As I write it is August and September is in sight – and the arrival of September heralds my favourite period of the year.
All the best things during my childhood came between then and the end of December: my birthday, Hull Fair, Guy Fawkes Night and, of course, Christmas.
Although I like to think of myself as an only child, the illusion – delusion if you like – is difficult to maintain one day in September, my birthday, when the reality is inescapable; I am an only child with a twin sister.
Although I have not visited Hull Fair for at least 50 years Isuppose, I have never lost my awareness of its timing or my memories of the sights, smells and sounds.
The bright lights, not otherwise a feature of Hull, the road closures and the congestion.
The smell of the fair was a mixture of sugary candyfloss, roasting chestnuts and frying sausages, a combination guaranteed to stimulate hunger like no other, apart from fish and chips.
The sounds were deafening: the roar of the mighty Wurlitzers, the off-key tunes of the barrel organs and the screams of terrified passengers on the notoriously unsafe rides.
Above all this, a top dressing of the sirens; police cars to collect apprehended pick-pockets and to break up fights, the ambulances to deal with mostly minor injuries. Bliss it was to be alive.
Of course, now that Hull is a European City of Culture much has changed.
Lights everywhere all the time and the smells are not of junk food but of artisan coffees (you can get a cappuccino in Hull now), Italian pasta dishes and out of the way sausages.
But for one week in October, in Walton Street it remains as I remember it, with the boxing booth, the bearded ladies and the freak shows.
It used to be said that there was a tent in which bare ladies could, for a fee, be viewed but neither I nor any of my school fellows could ever find it except one, who was notoriously unreliable on such matters.
Maybe I should plan a visit this year to see if any progress has been made.
Christmas is no less exciting now than it ever was with the exception of the reporting of the annual drink-driving crackdown, which seemed to begin earlier and earlier as the years went by.
Time was when we had daily bulletins of road deaths and the number of breath-tests administered.
I wonder if the authorities have been instructed to back off in the interests of reducing pressure on the NHS and pension funds.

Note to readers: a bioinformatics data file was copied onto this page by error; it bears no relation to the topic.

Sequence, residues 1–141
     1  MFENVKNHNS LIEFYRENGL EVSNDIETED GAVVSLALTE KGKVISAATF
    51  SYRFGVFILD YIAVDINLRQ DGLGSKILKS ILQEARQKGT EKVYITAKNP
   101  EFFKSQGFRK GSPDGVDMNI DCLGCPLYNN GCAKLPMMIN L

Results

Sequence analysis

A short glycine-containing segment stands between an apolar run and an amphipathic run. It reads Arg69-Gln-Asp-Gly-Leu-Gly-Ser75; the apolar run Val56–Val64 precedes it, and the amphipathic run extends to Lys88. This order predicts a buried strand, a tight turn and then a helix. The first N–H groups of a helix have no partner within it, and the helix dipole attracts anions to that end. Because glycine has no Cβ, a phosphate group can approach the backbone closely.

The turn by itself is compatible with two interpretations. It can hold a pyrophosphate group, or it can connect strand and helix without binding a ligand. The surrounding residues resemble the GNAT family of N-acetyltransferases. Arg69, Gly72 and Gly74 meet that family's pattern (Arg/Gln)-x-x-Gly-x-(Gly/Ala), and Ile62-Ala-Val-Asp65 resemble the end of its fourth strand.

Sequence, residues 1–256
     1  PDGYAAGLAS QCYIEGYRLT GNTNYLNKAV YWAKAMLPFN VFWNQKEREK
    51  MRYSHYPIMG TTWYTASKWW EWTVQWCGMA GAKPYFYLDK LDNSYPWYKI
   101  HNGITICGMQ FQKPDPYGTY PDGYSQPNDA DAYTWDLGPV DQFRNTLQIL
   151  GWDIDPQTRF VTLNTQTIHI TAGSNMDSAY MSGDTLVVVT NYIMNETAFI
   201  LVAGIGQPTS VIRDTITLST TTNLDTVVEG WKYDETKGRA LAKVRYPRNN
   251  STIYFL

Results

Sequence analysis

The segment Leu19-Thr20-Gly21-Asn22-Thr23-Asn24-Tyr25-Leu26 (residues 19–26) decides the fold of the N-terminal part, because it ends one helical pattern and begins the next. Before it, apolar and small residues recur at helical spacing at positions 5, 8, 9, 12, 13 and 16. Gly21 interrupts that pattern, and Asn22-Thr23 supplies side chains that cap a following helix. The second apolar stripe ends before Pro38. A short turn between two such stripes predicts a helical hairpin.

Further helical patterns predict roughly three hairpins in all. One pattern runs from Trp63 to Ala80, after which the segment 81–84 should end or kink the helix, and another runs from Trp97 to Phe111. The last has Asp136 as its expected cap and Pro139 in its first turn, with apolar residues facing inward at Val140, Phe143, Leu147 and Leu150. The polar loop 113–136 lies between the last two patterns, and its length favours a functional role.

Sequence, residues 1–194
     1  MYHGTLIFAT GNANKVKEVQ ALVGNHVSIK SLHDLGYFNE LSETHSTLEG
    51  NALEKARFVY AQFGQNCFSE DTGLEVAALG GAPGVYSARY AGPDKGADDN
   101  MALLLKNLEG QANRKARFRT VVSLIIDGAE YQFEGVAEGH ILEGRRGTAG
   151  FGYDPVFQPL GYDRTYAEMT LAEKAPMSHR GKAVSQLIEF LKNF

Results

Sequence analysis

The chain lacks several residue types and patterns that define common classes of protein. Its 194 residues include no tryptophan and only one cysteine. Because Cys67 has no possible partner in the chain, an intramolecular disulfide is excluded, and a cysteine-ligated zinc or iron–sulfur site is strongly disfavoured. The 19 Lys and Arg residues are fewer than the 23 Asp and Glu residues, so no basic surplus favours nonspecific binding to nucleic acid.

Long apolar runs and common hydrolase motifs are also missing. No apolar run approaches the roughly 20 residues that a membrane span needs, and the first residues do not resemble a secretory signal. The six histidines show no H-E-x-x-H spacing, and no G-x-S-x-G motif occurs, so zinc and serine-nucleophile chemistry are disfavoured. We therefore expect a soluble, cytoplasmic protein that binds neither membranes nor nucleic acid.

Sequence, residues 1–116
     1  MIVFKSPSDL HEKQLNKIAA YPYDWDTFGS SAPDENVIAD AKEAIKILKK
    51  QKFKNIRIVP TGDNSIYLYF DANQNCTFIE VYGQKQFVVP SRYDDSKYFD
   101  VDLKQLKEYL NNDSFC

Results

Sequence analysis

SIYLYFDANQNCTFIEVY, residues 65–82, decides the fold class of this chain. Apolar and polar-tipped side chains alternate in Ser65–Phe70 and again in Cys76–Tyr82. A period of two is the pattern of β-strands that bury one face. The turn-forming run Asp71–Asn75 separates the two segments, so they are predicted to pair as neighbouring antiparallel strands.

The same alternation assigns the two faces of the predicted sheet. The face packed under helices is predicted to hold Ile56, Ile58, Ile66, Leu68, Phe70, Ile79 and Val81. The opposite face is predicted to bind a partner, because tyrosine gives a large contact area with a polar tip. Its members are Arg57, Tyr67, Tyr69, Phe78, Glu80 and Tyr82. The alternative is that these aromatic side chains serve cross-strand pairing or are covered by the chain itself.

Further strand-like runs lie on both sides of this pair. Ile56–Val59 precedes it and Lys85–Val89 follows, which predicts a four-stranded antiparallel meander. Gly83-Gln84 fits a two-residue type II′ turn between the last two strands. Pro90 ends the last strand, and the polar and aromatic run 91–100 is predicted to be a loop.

I remember that only a few years ago the government of China urged its citizens to take up cigarette smoking in the interests of the nation’s economy.
Is there any reason to suppose that those who govern us are any less far-sighted and cynical than those of that great nation?
So, I have much to look forward to, and in good health I am happy to report.
The ailment that struck me down last December and has been investigated by a whole army of doctors, in general practice and working in medical specialties, since January has spontaneously retreated.
I have received no treatment because there has been no diagnosis, other than a rather vague suggestion that it may have been “one of those transient things”.
I make no complaint. I have throughout been treated kindly, thoughtfully and, almost invariably, promptly, all no doubt at considerable cost.
Luckily, my slack old body sorted itself out and beat the NHS to a favourable outcome.
One slightly odd fact came to light during all this: I am deficient in vitamin D.
In spite of my sun-bronzed head, I was asked if I had been over-doing the sun blocker when catching the rays.
I have never in my life used such products, but on the other hand I never sun-bathe.
Thirty minutes a week, I was told, with both arms or one leg exposed to the sun would do the trick and supply my requirement for vitamin D, but I should put sun blocker on that part of my head that used to be my scalp.
I shall be going for the one leg option and cutting off a trouser leg or too.
This way I shall cut quite a dash when I am striking poses in the Bridlington lido and attract many admiring glances.
Imagine it – a brown leg, a brown head and all the rest the colour of uncooked pastry.